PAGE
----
What escapes me about all the young “heroines” we’re seeing so much of is how they’re supposed to make all these life-altering decisions during the course of the story, and the average female that age cannot even decide what to wear to the movies. “Flip flops? skechers? Leggings? Jeggings?” No, everyone doesn’t have to be 40-50 years old. No one wants to read about Hilda and Buddy and the Case of the Pooped out Penis Pump, but characters who have lived long enough to be INTERESTING without some contrived dark tragedy from long ago haunting them would be nice. Trust me, if you get to 35, there are plenty of things to haunt you…and they’re all quite recent.

    Number 2 truly sends me into the stratosphere! I was just discussing this on another author’s blog earlier. Little heroine is a naive, young thing before she meets book-boyfriend, and after having sex ONCE, she’s acting like an international porn star! Come on! She had never even seen real manly bits before, but now she’s giving oral like it’s her day job? *KERPLUNK!*

    I’m not one for cheating either, but as you said, it is a part of life. However, I have to go to my happy place when the storyline has HIM or HER or BOTH of them sleeping with other people so they can “move on”, and two chapters later they’re back together professing their UNDYING love for each other. No, thank you. I also get a migraine when the story opens with “vindictive wife” or “philandering husband” already engaged in multiple flings/affairs, yet the long-suffering spouse stays in the marriage for the kids/controlling parent/inheritance…until THE ONE shows up. Then, they cannot get out the door fast enough.

    As for all the successful, wealthy young’uns? I just tell myself it’s Neverland, and I’m too old to go. Whatever, Peter.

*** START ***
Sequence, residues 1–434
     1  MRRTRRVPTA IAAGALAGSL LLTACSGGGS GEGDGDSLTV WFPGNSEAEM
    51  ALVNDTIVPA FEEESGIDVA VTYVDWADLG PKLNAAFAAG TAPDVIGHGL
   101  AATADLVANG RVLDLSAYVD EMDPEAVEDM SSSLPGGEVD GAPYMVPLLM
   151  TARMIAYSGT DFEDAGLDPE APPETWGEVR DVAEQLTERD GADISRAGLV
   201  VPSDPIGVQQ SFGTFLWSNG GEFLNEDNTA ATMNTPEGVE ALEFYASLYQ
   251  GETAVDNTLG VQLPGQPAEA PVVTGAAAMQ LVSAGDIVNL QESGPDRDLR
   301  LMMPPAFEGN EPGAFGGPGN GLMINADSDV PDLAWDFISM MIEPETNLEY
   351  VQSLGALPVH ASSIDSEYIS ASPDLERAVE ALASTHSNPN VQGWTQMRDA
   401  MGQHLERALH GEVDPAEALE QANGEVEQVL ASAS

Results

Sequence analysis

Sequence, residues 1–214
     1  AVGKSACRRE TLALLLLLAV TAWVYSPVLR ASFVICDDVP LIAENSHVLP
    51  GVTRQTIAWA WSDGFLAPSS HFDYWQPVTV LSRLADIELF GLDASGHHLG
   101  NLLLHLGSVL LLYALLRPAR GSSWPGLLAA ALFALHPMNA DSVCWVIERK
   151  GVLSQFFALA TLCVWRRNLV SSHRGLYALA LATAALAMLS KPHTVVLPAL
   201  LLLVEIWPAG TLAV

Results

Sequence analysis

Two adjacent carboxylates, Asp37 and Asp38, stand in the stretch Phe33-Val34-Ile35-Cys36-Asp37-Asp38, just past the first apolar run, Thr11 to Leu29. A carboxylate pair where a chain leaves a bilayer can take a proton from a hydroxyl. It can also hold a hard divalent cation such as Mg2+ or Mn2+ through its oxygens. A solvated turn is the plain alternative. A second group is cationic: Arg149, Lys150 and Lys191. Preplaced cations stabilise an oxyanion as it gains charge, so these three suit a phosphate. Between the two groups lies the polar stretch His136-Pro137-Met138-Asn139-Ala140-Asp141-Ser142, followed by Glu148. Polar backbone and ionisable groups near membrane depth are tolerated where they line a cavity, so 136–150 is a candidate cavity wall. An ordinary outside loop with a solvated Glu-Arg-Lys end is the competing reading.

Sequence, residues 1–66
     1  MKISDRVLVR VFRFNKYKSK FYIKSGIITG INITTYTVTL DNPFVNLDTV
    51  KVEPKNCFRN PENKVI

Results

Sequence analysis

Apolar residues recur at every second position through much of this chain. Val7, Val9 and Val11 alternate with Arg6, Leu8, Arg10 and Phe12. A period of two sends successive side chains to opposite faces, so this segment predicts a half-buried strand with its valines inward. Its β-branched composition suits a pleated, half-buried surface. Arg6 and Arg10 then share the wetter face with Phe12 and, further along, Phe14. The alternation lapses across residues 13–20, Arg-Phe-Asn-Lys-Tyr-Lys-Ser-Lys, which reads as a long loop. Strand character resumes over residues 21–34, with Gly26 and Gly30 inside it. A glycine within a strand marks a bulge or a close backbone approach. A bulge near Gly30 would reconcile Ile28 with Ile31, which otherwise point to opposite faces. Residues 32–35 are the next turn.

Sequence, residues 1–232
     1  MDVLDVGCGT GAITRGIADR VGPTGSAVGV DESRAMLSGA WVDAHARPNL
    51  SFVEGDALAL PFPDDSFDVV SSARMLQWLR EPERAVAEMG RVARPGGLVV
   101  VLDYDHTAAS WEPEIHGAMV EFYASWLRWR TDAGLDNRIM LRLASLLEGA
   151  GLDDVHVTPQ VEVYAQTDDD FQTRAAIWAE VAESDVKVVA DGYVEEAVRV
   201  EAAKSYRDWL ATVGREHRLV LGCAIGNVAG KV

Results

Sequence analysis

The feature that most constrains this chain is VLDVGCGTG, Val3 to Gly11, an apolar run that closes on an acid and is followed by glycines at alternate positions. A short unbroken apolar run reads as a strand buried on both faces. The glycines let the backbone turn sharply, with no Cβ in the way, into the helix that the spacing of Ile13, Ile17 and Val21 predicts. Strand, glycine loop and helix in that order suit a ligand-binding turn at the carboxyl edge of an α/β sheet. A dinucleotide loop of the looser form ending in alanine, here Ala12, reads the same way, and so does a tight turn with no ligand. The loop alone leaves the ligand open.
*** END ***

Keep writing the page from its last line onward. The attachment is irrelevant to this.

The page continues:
I get it. Reading is escapism. It’s supposed to take us to places and introduce us to people and situations that make us forget about the ordinariness of our lives. But aren’t we also supposed to grow? Aren’t avid readers supposed to be smarter than the average bear? (Really showing my age with that one!) I can expand my mind and loosen my beliefs more than enough to read about the wolf shifter finding his fated mate and getting his HEA…but, if he’s a 47-year-old man-whoring biker, and she’s a 19-year-old trust fund virgin, there will be much Kindle flinging, and many bad words said!

    If this adds up to book snobbery, so be it. We could always start a club, get some cool matching bracelets, and sign up for SnapChat!

    Liked by 1 person

    • D.E. Haggerty says:

      Oh gosh! I’m so glad I’m not the only one! With the amount of books that have these same themes going through them, I thought I might be. I considered not publishing this after I wrote it thinking I was really being mean. But it’s the truth or at least how I feel! I just can’t get over older men wanting a young thing who probably doesn’t hasn’t done anything or been anywhere … except for that very contrived dark tragedy. Pff…

      I’m totally up for starting a club with cool matching bracelets but SnapChat? Do we have to?